Add an emergency fund to your goals. This needs special emphasis, as most people don’t save enough for unplanned expenses. These could include medical bills, car repairs, losing your job, and more. Unplanned expenses can happen to anyone, no matter where you live, what your job is, or what your income is. Everyone should have an emergency fund. But how much should your fund have? Experts recommend you set aside the equivalent of three to six months of your expenses, just in case. Part of your budget should include giving money toward your emergency fund. You never know when you may need it. Differentiate your expenses between need to have and nice to have. Take your list from step 2 and split those expenses into two categories: need to have and nice to have. For example, entertainment expenses usually fall under nice to have, while school supplies may be need to have. Split categories into two if needed: in the food category, going out to eat may be a nice to have expense, while the expense of buying groceries for home-cooked meals would be a need to have. These are just examples; your necessities and wants will vary based on your circumstances. As you split your expenses, keep your financial goals in mind. Is buying new clothes each month more important than putting that money toward your credit card debt? Maybe, maybe not, but these are the hard questions you have to ask yourself to truly get a sense of what your priorities are. Step 4. Build a budget plan Did you know there are many different budgeting plans available? This is a good thing because everyone has a different lifestyle and different priorities. One of the most popular budgeting plans is the 50/30/20 budgeting plan. Here’s how it works: your net income is broken down into
  • 50% toward required expenses,
  • 30% toward discretionary spending
  • 20% toward savings
This formula has proven highly successful for budgeting beginners. And since you already separated out your need to have vs. nice to have expenses in step 3, this plan would be very easy to get started with. Here are a few other budgeting plans that you may be interested in: The Zero-Sum Budget. Every single dollar you receive gets used in a deliberate way. Some may be earmarked for gas, some for a specific vacation you have planned, and some for paying off debt. The rule is that the amount of money coming in minus the money going out must equal zero. This budget works very well for detail-oriented people. The Envelope Budget. Label each envelope with a spending category, such as groceries or emergency fund. When you receive a paycheck, divide that money into each envelope based on your priorities in step 3. Throughout the next month, as soon as you spend all of the cash in an envelope, you’re not allowed to spend any more on that category until the next month. This is really helpful for people who work best with visuals. You can also choose to create a customized budgeting plan based on your priorities; it’s really up to what works best for you. As long as you select a budgeting plan and try it out for one month, you’re already taking proactive steps to get in control of your financial future. If it’s not working well for you, experiment with a different plan until you find the one for you. Step 5. Track and revisit monthly Remember to set up a way to track your budget. If you’re an organized person, you may choose to do this yourself using spreadsheets, but why not take advantage of the free resources out there? There are many budget tracking apps available that can help you manage your money automatically, saving you time. And the good news is that many of these apps are free to use. Once you’ve set up a way to track your spending, keep checking back. Experts recommend revisiting your budget at least once a month, because our lifestyles and priorities can easily change from month-to-month, and you’ll want to reflect those changes in your budget. Set an alarm on your phone for the same day and time each month so you don’t forget! Get help if you need it Even after completing the five steps above to build a budget, remember that there are thousands of free resources available to you online to help with financial planning. Don’t miss out on free financial planning courses, apps for tracking, and budgeting worksheets. The more you know about your finances, the more confident you’ll feel in making spending and saving decisions.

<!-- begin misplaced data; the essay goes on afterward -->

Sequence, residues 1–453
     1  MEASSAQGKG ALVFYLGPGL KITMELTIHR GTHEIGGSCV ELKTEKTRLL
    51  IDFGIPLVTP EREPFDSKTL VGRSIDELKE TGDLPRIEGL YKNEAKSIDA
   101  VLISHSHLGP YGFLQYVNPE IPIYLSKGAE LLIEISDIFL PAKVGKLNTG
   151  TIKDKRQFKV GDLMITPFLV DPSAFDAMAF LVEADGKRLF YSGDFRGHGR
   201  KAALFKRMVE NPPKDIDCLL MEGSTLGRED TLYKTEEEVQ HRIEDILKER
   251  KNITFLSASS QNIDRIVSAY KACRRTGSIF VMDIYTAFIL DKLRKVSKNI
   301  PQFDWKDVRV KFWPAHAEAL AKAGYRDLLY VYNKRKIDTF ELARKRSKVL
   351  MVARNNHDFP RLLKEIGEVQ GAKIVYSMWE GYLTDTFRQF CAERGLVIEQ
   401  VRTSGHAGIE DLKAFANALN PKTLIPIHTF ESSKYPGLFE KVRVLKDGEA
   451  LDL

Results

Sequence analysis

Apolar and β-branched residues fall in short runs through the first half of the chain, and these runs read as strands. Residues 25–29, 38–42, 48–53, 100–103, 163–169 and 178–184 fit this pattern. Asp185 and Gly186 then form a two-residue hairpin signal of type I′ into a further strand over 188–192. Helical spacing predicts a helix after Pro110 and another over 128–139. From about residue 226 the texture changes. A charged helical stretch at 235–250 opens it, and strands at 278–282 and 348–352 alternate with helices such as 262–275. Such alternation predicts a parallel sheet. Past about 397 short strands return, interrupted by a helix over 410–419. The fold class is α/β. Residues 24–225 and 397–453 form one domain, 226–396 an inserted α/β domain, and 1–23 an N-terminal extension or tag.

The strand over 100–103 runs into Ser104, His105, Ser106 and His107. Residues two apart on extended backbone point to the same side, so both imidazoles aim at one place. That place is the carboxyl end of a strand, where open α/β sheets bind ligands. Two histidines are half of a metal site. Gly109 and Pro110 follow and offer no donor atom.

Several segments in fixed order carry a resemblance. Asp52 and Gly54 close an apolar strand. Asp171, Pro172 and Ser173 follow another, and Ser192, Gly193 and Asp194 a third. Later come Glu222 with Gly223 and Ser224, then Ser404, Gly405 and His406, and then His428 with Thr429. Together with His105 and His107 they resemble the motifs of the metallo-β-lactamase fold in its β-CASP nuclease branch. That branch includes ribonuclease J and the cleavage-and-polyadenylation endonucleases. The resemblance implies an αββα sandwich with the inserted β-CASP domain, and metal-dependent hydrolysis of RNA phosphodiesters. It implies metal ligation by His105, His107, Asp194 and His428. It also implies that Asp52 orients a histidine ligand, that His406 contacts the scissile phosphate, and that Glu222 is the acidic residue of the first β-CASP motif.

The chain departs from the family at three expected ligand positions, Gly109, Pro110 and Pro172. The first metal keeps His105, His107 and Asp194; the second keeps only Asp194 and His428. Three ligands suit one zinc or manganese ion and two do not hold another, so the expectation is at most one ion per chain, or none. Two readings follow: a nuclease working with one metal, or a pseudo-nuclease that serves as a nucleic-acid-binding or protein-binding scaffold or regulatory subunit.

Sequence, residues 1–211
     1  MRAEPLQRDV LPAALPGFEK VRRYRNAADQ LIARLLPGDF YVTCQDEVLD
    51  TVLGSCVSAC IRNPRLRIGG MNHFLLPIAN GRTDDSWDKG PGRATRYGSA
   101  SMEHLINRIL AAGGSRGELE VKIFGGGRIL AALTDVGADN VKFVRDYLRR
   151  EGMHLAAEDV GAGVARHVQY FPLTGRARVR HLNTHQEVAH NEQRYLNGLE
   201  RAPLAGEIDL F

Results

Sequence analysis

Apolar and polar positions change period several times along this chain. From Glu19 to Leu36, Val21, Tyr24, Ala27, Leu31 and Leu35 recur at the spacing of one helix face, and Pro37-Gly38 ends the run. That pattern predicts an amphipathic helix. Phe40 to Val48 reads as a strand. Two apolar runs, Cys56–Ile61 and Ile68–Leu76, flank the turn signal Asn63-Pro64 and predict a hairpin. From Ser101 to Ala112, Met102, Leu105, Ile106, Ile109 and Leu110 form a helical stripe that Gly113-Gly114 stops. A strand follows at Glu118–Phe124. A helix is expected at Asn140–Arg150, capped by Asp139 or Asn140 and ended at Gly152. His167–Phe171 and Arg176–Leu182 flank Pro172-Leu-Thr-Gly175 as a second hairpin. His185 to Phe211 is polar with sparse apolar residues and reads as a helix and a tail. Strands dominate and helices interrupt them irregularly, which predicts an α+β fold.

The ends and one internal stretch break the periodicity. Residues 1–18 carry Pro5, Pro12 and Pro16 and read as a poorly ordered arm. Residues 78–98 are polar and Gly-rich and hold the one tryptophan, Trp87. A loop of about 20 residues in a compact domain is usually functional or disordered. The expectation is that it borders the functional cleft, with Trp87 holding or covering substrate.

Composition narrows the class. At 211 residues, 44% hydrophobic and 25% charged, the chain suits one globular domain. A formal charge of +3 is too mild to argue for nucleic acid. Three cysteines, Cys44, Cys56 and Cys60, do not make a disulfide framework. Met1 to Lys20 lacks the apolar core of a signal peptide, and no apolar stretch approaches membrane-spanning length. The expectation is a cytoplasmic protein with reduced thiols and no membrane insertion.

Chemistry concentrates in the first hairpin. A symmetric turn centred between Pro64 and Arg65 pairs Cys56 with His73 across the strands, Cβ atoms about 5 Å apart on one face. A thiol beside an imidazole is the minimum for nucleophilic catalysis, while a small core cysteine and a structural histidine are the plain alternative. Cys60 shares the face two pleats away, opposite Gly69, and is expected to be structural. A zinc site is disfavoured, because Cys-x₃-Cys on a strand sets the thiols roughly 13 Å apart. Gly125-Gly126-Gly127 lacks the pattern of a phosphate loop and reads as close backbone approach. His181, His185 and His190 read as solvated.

Confidence to Deploy AI with World-Class Training Data
Website for deploying AI with world class training data